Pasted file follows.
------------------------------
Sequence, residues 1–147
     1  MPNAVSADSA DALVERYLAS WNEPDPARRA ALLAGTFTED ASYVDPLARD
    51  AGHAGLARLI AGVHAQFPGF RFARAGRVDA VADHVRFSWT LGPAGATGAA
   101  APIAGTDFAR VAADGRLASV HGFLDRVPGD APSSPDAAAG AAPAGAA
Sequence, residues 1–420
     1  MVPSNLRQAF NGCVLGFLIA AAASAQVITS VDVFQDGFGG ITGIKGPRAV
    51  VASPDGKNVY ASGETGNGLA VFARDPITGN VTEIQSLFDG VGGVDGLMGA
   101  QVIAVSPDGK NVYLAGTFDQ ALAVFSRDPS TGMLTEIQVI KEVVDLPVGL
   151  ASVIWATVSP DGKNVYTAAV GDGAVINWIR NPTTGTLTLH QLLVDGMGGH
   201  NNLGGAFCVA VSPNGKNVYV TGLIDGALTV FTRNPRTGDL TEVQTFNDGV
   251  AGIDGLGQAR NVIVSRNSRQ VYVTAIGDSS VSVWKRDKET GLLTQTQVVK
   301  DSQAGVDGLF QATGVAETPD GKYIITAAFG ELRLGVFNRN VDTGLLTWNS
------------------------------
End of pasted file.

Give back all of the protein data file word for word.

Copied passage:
Sequence, residues 1–147
     1  MPNAVSADSA DALVERYLAS WNEPDPARRA ALLAGTFTED ASYVDPLARD
    51  AGHAGLARLI AGVHAQFPGF RFARAGRVDA VADHVRFSWT LGPAGATGAA
   101  APIAGTDFAR VAADGRLASV HGFLDRVPGD APSSPDAAAG AAPAGAA
Sequence, residues 1–420
     1  MVPSNLRQAF NGCVLGFLIA AAASAQVITS VDVFQDGFGG ITGIKGPRAV
    51  VASPDGKNVY ASGETGNGLA VFARDPITGN VTEIQSLFDG VGGVDGLMGA
   101  QVIAVSPDGK NVYLAGTFDQ ALAVFSRDPS TGMLTEIQVI KEVVDLPVGL
   151  ASVIWATVSP DGKNVYTAAV GDGAVINWIR NPTTGTLTLH QLLVDGMGGH
   201  NNLGGAFCVA VSPNGKNVYV TGLIDGALTV FTRNPRTGDL TEVQTFNDGV
   251  AGIDGLGQAR NVIVSRNSRQ VYVTAIGDSS VSVWKRDKET GLLTQTQVVK
   301  DSQAGVDGLF QATGVAETPD GKYIITAAFG ELRLGVFNRN VDTGLLTWNS